There used to be a time when turning a Stephen King novel into a movie inevitably seemed to lead to a very crappy movie. Sure, there were exceptions. But for every Carrie or The Shining, we were also ‘treated’ to Maximum Overdrive and – oh the horror - Sleepwalkers. However, the last couple of adaptations I have seen were pretty badass (11.22.63, the recent remake of It,…). So just when I started to think the curse had been broken, director Nikolaj Arcel went ahead and made The Dark Tower.
I know, I know… it can’t have been an easy task to reduce eight books and a series of comics into a single movie. But maybe they should have thought about that beforehand. Or maybe they should have tried harder. Or maybe they should have turned it into a tv series where they didn’t have to try and capture thousands of pages’ worth of storylines and dialogue into a mere 95 minutes.
Anyway, The Dark Tower centers on Jake Chambers (Tom Taylor), a teenager with psychic powers that apparently have to make up for his lack of personality. He somehow becomes the epicenter of a battle for the fate of Earth between the last Gunslinger, Roland Deschain (Idris Elba) and the Man in Black, Walter O’Dim (Matthew McConaughey), who wants to topple the Dark Tower, which holds the universe together.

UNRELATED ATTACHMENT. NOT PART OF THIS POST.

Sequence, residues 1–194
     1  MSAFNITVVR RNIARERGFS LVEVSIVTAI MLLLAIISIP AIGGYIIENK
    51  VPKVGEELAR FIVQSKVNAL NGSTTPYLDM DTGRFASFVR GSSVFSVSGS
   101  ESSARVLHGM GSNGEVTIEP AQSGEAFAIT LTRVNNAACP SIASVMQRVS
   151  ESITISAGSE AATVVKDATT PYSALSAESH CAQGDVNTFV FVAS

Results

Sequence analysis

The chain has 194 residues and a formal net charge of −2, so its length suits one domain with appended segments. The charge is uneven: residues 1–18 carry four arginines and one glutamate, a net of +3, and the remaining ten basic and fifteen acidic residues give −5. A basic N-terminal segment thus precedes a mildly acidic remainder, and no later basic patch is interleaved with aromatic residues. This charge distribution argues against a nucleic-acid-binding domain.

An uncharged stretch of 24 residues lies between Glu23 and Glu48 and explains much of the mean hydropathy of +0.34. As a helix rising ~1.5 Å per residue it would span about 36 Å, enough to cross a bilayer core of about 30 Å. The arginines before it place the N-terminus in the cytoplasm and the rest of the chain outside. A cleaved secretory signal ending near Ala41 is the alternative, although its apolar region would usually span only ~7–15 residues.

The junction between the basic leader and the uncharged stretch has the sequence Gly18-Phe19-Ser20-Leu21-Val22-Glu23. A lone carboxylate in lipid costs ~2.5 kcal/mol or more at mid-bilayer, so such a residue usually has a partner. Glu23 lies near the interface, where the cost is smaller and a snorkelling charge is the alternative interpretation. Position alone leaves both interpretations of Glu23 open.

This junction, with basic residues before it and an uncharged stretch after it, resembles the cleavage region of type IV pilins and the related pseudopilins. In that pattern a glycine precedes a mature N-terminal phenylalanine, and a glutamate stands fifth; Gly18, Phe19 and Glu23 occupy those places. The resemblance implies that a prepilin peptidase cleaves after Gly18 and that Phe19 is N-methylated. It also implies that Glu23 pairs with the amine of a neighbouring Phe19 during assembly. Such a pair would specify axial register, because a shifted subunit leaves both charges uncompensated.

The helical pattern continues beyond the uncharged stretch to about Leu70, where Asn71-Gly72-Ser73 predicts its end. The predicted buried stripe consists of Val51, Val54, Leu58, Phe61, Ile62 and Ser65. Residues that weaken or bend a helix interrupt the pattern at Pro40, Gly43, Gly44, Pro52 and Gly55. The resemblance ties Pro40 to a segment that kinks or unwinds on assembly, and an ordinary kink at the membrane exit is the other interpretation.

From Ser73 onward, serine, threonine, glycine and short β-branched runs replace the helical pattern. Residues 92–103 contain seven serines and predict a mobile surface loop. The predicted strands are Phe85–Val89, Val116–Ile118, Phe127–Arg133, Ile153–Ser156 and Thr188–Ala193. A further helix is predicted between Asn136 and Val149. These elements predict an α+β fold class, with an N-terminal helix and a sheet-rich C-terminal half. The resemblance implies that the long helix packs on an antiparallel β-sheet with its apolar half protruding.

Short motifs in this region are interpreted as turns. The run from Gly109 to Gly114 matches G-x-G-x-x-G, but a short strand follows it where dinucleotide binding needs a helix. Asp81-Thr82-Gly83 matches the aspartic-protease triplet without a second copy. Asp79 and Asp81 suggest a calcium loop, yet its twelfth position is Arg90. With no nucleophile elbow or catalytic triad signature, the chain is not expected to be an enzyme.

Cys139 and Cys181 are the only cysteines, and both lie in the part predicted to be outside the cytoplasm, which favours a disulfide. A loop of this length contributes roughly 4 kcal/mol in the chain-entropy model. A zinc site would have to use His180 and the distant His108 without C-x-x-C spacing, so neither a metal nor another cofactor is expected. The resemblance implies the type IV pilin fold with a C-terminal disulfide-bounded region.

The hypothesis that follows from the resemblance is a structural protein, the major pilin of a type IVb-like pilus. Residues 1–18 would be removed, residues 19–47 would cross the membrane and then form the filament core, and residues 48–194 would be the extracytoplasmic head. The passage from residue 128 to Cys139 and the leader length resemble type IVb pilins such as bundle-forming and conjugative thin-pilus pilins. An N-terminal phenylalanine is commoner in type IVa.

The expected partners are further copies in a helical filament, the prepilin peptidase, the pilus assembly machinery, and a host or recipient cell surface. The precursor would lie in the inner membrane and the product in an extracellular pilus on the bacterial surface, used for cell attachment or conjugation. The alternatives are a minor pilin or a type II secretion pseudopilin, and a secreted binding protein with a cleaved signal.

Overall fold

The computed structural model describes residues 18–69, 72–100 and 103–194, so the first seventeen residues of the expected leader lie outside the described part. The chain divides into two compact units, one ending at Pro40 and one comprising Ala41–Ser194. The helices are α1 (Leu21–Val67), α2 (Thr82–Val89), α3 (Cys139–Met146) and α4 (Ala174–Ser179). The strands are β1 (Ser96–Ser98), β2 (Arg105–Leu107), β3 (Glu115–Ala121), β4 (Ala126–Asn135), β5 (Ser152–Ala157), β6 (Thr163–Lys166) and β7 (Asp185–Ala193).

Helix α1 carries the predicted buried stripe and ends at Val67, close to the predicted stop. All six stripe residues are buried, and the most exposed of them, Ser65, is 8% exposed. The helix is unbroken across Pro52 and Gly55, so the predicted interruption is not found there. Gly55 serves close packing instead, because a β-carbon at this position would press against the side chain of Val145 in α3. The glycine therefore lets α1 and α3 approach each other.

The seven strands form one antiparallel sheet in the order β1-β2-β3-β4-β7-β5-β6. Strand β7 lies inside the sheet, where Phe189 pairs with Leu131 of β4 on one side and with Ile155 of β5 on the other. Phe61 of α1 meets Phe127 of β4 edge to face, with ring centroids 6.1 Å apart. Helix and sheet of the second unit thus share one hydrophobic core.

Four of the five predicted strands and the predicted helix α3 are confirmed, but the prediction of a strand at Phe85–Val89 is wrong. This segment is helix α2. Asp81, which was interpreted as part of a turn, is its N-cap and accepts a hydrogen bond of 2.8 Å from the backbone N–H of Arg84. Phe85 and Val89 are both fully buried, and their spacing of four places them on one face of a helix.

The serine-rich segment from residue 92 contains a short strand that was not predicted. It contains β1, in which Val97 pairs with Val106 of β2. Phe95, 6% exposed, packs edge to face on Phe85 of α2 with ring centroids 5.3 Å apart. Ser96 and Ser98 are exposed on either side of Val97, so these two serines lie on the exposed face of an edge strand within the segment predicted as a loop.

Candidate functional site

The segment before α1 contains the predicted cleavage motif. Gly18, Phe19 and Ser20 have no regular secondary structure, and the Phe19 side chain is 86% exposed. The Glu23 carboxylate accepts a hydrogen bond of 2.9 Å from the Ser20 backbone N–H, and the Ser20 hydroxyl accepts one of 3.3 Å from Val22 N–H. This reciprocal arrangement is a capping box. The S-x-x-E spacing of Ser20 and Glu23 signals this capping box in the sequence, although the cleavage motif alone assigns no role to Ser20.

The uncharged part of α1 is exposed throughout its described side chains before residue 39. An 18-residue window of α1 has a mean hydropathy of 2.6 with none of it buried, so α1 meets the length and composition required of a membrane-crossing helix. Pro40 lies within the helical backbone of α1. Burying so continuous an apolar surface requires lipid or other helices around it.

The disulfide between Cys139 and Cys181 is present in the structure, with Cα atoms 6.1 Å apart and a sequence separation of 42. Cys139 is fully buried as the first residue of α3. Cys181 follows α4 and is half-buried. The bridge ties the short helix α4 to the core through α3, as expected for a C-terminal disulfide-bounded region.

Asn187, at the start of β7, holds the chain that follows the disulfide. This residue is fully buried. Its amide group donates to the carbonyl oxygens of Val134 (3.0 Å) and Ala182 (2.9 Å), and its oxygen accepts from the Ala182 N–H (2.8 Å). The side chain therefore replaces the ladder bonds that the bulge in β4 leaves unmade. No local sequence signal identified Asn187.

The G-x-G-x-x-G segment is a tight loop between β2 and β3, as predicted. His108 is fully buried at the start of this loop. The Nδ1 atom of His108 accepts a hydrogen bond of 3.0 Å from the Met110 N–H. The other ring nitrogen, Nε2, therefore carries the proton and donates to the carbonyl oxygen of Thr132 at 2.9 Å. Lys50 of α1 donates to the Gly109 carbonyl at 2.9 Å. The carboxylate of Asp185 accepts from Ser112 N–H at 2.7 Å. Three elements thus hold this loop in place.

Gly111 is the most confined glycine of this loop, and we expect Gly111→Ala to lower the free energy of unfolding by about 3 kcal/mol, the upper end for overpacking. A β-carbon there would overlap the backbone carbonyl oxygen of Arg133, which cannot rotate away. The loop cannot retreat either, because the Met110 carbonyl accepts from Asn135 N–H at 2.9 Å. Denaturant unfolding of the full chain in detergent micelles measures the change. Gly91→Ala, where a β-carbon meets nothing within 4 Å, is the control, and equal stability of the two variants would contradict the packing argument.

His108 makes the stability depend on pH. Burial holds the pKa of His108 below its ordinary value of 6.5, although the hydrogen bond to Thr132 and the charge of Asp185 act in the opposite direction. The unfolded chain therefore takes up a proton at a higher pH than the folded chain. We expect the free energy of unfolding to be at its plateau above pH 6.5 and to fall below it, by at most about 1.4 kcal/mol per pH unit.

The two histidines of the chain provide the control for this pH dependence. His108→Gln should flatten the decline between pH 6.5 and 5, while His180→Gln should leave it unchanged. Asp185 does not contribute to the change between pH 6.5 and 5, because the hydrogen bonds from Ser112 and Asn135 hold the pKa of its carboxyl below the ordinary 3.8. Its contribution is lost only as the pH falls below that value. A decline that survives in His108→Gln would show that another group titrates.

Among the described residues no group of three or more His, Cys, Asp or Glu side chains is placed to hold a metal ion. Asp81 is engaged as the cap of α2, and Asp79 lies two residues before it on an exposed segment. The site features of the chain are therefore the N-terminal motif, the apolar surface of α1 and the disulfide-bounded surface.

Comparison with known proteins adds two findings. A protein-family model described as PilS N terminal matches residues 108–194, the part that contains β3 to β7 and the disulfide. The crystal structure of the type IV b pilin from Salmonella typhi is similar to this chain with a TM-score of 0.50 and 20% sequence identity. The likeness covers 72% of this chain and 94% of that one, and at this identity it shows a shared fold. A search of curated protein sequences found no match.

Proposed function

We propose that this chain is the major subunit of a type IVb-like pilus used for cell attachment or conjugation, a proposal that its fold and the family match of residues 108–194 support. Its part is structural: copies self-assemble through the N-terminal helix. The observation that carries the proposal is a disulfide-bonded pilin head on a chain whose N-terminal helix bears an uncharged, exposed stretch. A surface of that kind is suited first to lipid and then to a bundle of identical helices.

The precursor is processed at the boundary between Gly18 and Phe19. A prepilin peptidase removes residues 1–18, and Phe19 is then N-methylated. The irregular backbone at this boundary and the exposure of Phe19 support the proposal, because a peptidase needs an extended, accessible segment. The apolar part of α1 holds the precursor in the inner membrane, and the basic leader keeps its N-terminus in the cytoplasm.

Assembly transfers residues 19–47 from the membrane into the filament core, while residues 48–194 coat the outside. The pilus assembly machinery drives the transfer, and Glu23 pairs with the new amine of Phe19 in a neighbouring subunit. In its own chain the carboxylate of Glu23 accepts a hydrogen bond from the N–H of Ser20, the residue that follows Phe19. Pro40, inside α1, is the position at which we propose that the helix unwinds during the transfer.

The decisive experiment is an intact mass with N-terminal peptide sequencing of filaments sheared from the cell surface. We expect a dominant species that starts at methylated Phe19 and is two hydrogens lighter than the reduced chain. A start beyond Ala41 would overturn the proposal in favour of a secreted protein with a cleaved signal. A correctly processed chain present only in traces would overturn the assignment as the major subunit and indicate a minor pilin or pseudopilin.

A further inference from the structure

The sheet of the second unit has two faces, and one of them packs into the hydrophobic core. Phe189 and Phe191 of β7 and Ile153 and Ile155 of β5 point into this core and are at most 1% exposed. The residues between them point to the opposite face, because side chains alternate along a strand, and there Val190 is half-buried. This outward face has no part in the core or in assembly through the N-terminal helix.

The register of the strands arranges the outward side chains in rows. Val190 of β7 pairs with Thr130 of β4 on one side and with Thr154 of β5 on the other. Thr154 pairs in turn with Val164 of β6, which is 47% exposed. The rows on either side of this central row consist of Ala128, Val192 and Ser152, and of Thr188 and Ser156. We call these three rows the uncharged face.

The movie is especially hard on McConaughey, who has spent the last ten years shedding his romcom past by taking on some of the most interesting and daring roles around, and is reduced here to playing a cliché-riddled villain with a bad haircut who pops up everywhere ordering people to ‘stop breathing’.
If all that makes you go ‘no thank you,’ then I can’t blame you. And you wouldn’t miss much except for a couple of kinda cool visuals. If there is anything else to be missed, I’m afraid I didn’t notice. Probably too distracted by all the shootouts and the hopping between worlds through portals along with a bunch of other stuff that doesn’t make sense. Honestly, I haven’t cared less about a tower since Lord of the Rings.
Turns out the Man in Black didn’t need Jake to topple the dark tower. All he needed was a script by Akiva Goldsman, Jeff Pinkner and Anders Thomas Jensen and a movie plagued by reported reshoots and test screening edits.